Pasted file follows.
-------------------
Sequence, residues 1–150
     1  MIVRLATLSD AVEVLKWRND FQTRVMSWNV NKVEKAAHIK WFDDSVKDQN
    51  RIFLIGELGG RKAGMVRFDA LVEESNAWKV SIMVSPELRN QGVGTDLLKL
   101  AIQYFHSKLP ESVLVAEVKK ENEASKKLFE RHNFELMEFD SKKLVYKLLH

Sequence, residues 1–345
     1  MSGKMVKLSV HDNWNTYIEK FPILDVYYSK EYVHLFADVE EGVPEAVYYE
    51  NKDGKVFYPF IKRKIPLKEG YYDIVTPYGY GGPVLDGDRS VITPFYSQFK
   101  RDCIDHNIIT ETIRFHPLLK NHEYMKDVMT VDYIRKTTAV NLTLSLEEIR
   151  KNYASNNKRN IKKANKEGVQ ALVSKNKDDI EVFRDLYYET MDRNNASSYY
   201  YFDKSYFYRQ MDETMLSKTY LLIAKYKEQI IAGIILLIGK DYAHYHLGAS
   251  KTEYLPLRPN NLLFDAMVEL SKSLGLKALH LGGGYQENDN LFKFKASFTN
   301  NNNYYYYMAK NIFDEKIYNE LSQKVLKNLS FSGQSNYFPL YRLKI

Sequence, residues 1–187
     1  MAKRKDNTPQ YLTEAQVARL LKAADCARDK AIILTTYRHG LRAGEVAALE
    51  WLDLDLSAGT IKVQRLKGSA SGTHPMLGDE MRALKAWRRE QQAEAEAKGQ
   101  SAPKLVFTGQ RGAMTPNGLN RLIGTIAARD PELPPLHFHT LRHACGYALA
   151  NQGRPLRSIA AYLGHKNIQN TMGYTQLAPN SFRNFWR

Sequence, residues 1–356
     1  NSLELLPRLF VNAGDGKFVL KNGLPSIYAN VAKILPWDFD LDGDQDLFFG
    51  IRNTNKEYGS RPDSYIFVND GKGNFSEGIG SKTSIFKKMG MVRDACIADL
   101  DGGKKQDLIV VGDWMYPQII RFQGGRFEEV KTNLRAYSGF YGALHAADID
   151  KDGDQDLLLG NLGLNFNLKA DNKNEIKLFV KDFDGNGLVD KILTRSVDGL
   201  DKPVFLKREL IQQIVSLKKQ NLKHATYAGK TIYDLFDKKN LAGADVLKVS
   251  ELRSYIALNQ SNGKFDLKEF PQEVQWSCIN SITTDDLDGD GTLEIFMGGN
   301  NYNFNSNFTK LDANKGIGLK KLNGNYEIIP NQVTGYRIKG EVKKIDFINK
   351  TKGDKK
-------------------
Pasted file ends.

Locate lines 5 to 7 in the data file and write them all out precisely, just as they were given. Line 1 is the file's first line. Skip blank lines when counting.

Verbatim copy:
Sequence, residues 1–345
     1  MSGKMVKLSV HDNWNTYIEK FPILDVYYSK EYVHLFADVE EGVPEAVYYE
    51  NKDGKVFYPF IKRKIPLKEG YYDIVTPYGY GGPVLDGDRS VITPFYSQFK